This fourth instalment of the Connoisseur flowers overview includes the floral study that was Diane Lewis’ personal favorite. All of the following twenty-two sculptures, with one known exception as noted, were designed by her. Four of them are orchids.
Pink and Free is a study of pink phalaenopsis orchids from 1988. This was an issue of 100, and is 11″ (28 cm) high. Unfortunately the deep blue butterfly (perhaps Cupido minimus, known as the Small Blue) is not seen to best advantage in this photo.
Another orchid, the Pink Cymbidium from 1985 was an open (non-limited) edition issued at $325. It is 5″ (12.7 cm) high.
Pink Debutante is another graceful orchid study of a spray of cattleyas. It is 10.75” (27 cm) high and was issued in 1984 as an edition of 50, at $975. It is probable that there was a single-bloom open edition counterpart as well.
This very interesting study of an arrangement of blue iris is named Pleasure Island and certainly does evoke the feeling of the tropics! It is 20″ (51 cm) high and was a limited edition of 50; issue year unknown. This is another case where I wish there was more than a single image available.
Another small non-limited issue is Primroses which is 3.75″ (9.5 cm) high. Part of the English Countryside series, it appeared in 1980 for $200. (the second example is missing a bud)
This spray of Purple Moon cattleya orchids was a limited edition of 100 in 1986 and is 12” (about 30.5 cm) high. The issue price was $1350. The single-bloom open edition counterpart is shown in Confusing Connoisseur Cattleyas.
Rhapsody in Blue is an absolutely gorgeous study of pristine white roses and Wedgwood-blue delphinium! It is 15″ (38 cm) high. This was created exclusively for sale by Brielle Galleries in New Jersey in 1980, as an edition of 25 priced at $2850. Designed by Diane Lewis.
Summer Harvest, from 1985, combines brilliant red poppies, sparkling white daisies, and burgeoning wheat. A limited edition of 50 at $1325, it is 11.5” (29.25 cm) high. A similar design is the later still life ‘Harvest Basket’ shown in Diane Lewis Chance Botanical Plaques; I’d love to see these two displayed together!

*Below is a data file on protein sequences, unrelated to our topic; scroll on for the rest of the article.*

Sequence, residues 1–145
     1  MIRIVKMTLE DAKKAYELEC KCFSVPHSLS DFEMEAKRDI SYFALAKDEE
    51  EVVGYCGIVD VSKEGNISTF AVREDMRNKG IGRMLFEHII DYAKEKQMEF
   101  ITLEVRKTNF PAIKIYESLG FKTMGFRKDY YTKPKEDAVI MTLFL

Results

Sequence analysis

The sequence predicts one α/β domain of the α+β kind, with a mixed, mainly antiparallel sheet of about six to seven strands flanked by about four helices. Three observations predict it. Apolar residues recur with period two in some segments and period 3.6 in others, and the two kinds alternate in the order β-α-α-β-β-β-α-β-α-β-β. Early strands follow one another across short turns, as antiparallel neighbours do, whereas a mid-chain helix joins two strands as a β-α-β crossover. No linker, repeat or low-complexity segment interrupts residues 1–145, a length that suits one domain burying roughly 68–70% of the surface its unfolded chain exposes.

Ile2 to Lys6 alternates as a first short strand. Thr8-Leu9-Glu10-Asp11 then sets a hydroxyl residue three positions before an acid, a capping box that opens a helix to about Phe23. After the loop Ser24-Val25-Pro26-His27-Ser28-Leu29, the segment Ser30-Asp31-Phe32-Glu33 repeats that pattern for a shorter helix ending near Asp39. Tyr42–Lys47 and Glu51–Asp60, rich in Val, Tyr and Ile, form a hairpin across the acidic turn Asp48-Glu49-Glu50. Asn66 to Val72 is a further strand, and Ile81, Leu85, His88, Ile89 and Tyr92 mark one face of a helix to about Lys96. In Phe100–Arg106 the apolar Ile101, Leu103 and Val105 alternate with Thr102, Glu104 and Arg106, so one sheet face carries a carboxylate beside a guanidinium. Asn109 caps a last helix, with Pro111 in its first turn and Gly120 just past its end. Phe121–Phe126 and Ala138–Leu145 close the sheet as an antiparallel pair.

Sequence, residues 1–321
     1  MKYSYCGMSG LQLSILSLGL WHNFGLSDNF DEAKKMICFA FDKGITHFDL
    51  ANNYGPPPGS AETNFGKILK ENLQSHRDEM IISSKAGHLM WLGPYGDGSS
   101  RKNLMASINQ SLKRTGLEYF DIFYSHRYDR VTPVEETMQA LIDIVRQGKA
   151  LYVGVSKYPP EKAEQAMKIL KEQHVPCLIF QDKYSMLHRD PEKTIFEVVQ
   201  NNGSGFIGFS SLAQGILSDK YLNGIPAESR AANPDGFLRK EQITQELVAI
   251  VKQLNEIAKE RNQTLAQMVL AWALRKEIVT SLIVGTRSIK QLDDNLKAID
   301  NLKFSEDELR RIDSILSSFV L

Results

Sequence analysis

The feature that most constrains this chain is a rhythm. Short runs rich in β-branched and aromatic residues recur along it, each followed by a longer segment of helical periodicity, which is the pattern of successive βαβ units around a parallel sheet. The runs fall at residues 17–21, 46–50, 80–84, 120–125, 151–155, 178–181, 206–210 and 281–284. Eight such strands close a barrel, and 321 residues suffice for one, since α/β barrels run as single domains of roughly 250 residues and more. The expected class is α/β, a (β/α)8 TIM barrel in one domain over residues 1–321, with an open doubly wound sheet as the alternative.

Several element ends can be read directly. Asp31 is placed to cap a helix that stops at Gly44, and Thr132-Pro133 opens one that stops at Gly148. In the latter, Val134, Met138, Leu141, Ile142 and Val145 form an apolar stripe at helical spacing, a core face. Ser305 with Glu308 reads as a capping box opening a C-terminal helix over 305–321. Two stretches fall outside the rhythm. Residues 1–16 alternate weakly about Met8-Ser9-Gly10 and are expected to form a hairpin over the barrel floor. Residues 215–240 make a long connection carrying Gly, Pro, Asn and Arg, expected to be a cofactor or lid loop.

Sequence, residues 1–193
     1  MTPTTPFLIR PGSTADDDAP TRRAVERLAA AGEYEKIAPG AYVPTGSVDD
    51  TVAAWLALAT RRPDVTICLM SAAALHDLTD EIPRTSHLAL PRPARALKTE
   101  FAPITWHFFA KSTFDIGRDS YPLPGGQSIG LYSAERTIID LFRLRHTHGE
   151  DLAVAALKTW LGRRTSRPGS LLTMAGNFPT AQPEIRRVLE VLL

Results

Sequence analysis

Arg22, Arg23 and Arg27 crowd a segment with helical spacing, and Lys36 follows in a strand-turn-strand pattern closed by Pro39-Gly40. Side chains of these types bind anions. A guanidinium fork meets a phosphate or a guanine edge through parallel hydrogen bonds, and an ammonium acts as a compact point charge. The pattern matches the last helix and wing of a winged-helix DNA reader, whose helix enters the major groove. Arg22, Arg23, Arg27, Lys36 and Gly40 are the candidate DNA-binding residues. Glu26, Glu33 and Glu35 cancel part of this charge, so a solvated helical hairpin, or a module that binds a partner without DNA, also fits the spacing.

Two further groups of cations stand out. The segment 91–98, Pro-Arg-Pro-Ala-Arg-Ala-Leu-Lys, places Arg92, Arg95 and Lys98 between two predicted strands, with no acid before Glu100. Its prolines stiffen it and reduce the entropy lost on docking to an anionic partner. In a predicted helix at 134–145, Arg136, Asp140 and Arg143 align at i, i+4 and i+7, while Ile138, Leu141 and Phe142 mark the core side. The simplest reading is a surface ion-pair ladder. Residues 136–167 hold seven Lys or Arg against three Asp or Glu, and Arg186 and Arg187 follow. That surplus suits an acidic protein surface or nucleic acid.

This basket of camellias is appropriately named Victorian Splendour. Camellias became wildly popular during that era after being introduced from the Orient; no self-respecting young lady would want to attend a wintertime ball without being ‘decorated’ by at least one! In the Victorian ‘Language of Flowers’ a pink camellia meant “I long for you”; a red camellia said “You are the flame in my heart”, and a white one conveyed the sentiment “You are adorable.” This sculpture is 8″ h x 13″ w, (about 20 cm x 33 cm) and was a limited issue of 25.
The following two sculptures are alternate colorways of the same dogwood study.
White Dogwood was a 1984 limited edition of 25; it is 10” (15.5 cm) high. It was also produced in pink although the example in the photo does not have a name on the backstamp. Both of these had a corresponding open edition study which is shown in Flowers, Part Six.
There was also a ‘White Dogwood’ created for Neiman Marcus but because neither of the examples shown above bear that special backstamp identification, that one may have been an entirely different piece.
This absolutely delightful little sculpture is called Hop and Hip. A non-limited edition, it is part of a series called the European Wildflower Collection designed by Aileen Burton; additional pieces are shown in Flowers, Part Six. It is 3″ (7.6 cm) high and was priced at $275.
Violets was part of the early-1980s English Countryside Collection by Diane Lewis and is approximately 5” (12.5 cm) high. The contrast of the delicate, dainty violets against the rock niche is particularly striking.
This is the lovely Wind Song bearded iris, which measures 14” h x 10” w (35.5 cm x 25.5 cm). It is a limited edition of 50, and its USA retail in 1990 was $2995. I am endeavoring to discover whether there were two colorways of this study. The first photograph is taken from an actual Connoisseur of Malvern brochure; the second photo was kindly shared with the Archive by a collector. One appears to be a bitone (blue standards/mauve falls) while the other is clearly blue. The Iris Database is of little help, because its entry for ‘Wind Song’ doesn’t include a photo.
If I had to choose a personal “top ten” floral studies by Connoisseur, I know that Winter’s Tale would definitely be among them. Only 6″ (15.25 cm) high, the combination of white poinsettia, white hellebores, and holly really defines the season for me. The fact that it also has the same title as one of my favorite Moody Blues songs is merely an extra bonus. 😉
Speaking of personal favorites, here is Yakusimanum which was Diane Lewis’ own most favorite design. This was a limited edition of 25 in 1982, priced at $1950, and is 15″ (38 cm) high. Rhododendron yakushimanum was discovered on Yakushima Island off the coast of Japan and has been in the nursery trade ever since the 1930s. The underside of the leaves has a soft woolly covering known as ‘indumentum’ which is a characteristic of this species. The taxonomists have recently been at their games again and have now renamed it to Rhododendron degronianum subsp. yakushimanum (good grief!!) but by any name it is an amazing plant whose offspring have been many times awarded worldwide. The well known hybrid cultivar ‘Percy Wiseman’ was named after the manager at Waterer’s Nursery (UK) who made the first “yak” crosses during the 1950s. (Although the correct spelling of the species name is yakushimanum, the Connoisseur study’s backstamp omitted the h and thus it appears as Yakusimanum.)
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